House of Commons Hansard #118 of the 39th Parliament, 1st Session. (The original version is on Parliament's site.) The word of the day was provisions.

Topics

Finance
Oral Questions

2:40 p.m.

Liberal

Lucienne Robillard Westmount—Ville-Marie, QC

Mr. Speaker, it only proves that the member of Parliament for Wascana worked very well when he was the minister of finance.

Before Ontarians fired it for making such a huge financial mess, Mike Harris's government massaged the province's numbers. It announced the sale of assets worth over $2 billion, but all they really collected was $132 million. They were off by 94%.

Currently, the Conservatives are getting ready to sell federal buildings.

Why is the Minister of Finance planning to make the same mistakes for Canadians that his government made in Ontario?

Finance
Oral Questions

2:40 p.m.

Whitby—Oshawa
Ontario

Conservative

Jim Flaherty Minister of Finance

Mr. Speaker, the budget will be balanced and we will continue our prudent economic management in Canada. However, there has been a big change in the past year, which is that taxpayers' money is being returned to the taxpayers of Canada. It is being returned to families for the benefit of children in Canada and not to the friends of the Liberal Party referred to by Justice Gomery.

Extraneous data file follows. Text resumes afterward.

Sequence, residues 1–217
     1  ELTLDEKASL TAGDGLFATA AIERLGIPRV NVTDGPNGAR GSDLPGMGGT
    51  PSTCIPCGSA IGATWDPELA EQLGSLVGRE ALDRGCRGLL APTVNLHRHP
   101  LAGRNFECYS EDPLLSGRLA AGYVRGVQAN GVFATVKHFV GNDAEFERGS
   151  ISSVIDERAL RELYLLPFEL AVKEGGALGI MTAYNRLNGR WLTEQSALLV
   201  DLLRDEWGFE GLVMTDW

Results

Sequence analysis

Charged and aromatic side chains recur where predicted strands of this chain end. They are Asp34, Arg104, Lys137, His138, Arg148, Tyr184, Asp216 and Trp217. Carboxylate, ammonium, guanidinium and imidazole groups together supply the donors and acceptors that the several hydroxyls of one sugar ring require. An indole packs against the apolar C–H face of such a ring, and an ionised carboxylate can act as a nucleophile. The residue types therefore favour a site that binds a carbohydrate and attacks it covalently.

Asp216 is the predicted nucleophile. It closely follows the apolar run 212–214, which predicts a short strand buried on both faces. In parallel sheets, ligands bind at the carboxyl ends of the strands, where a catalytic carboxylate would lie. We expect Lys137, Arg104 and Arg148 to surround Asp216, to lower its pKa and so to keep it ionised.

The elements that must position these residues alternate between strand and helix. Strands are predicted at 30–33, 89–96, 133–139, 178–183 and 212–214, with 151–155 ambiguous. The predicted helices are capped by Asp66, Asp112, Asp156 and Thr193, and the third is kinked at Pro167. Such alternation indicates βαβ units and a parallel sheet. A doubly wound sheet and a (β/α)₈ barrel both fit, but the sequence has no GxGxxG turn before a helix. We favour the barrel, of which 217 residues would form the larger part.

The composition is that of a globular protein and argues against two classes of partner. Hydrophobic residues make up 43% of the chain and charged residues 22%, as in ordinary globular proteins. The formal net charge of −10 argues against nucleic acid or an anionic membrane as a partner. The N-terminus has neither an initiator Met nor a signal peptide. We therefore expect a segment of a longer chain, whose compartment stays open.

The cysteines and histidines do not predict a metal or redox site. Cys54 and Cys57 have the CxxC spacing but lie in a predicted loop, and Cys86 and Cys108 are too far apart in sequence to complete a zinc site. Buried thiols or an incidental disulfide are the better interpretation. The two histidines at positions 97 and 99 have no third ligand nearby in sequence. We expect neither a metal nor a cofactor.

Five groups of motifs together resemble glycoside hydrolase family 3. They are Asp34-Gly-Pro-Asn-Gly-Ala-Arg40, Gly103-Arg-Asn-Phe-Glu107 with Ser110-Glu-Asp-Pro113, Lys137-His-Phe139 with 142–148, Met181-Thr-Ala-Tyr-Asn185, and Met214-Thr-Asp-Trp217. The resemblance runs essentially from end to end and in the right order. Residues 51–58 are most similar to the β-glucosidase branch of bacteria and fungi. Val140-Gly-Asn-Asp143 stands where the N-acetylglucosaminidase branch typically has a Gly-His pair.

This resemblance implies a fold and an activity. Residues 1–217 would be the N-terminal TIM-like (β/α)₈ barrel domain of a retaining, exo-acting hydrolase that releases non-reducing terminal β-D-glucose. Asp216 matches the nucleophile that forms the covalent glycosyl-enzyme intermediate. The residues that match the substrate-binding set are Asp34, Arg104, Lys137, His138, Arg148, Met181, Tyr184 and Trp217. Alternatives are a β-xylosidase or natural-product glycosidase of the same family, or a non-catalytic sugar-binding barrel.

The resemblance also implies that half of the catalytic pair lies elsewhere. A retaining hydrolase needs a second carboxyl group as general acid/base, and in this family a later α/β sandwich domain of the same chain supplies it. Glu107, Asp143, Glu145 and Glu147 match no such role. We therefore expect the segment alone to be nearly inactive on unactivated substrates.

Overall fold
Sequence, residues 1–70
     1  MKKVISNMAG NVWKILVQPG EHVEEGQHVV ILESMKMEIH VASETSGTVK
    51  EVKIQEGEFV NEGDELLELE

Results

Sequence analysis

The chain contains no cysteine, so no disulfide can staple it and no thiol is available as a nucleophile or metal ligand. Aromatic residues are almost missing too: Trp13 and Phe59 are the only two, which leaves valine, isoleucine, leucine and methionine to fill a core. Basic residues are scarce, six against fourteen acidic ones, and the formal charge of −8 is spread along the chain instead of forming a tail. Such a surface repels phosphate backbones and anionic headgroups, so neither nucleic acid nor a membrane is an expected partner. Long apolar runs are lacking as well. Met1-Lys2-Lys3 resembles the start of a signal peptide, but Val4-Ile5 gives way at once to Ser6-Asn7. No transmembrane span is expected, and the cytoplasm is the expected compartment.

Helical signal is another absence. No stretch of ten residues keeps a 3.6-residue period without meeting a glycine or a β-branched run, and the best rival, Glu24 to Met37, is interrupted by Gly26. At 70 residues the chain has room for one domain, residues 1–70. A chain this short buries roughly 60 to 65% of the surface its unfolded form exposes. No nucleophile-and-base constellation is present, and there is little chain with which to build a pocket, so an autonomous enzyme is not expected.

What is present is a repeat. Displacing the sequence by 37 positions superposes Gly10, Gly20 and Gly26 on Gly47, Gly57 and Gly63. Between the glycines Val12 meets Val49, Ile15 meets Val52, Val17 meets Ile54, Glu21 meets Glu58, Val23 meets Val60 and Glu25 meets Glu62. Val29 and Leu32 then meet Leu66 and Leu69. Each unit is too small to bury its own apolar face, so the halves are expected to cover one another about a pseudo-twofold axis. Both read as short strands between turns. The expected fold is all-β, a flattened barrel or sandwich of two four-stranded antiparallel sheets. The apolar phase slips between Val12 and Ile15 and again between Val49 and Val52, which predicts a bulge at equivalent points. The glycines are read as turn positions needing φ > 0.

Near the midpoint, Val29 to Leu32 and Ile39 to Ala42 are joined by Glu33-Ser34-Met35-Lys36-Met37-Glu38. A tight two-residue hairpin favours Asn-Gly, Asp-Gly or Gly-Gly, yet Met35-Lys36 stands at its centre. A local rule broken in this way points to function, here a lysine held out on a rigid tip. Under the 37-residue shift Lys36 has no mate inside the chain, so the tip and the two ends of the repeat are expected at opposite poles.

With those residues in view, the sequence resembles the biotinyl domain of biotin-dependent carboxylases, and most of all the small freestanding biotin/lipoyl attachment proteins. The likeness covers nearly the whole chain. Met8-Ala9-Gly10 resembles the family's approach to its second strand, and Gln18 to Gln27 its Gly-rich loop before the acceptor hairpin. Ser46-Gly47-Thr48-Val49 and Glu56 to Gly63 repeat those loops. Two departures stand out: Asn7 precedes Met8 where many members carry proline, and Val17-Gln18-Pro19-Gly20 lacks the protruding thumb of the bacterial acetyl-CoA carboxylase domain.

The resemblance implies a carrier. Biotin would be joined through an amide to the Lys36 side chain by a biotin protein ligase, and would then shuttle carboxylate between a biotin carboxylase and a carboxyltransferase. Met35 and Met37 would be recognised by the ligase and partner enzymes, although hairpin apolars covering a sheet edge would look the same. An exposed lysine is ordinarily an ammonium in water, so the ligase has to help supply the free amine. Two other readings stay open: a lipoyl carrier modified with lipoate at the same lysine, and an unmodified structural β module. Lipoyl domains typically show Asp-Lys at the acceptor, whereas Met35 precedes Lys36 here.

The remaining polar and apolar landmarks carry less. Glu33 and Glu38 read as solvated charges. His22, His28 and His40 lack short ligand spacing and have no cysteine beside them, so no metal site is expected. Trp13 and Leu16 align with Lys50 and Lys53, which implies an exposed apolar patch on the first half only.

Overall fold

Afghanistan
Oral Questions

February 26th, 2007 / 2:40 p.m.

Conservative

Ron Cannan Kelowna—Lake Country, BC

Mr. Speaker, through a concerted multilateral, multifaceted effort, Canada is helping to build a secure, democratic and economically viable Afghan state. This morning, the Prime Minister announced up to $200 million in additional aid funding for Afghanistan's reconstruction and development.

Could the Minister of International Cooperation share with the House how this funding will be used?

Afghanistan
Oral Questions

2:40 p.m.

Louis-Saint-Laurent
Québec

Conservative

Josée Verner Minister of International Cooperation and Minister for la Francophonie and Official Languages

Mr. Speaker, these funds will be used to strengthen good governance, community development and the microfinance sector. They will also go toward demining and road construction. This new contribution is in addition to the money we have already spent on a number of programs that have produced tangible results.

Last spring, our government decided to do more to help Afghanistan, unlike the former government. This announcement reaffirms our commitment to development and reconstruction. With our whole of government approach and increased cooperation with our partners, we will achieve the desired results.

Afghanistan
Oral Questions

2:40 p.m.

NDP

Dawn Black New Westminster—Coquitlam, BC

Mr. Speaker, there was no plan with the announcement on Afghanistan aid today to change this mission for the better. The recycling of old commitments and a change in the communication plan will not save Afghan lives.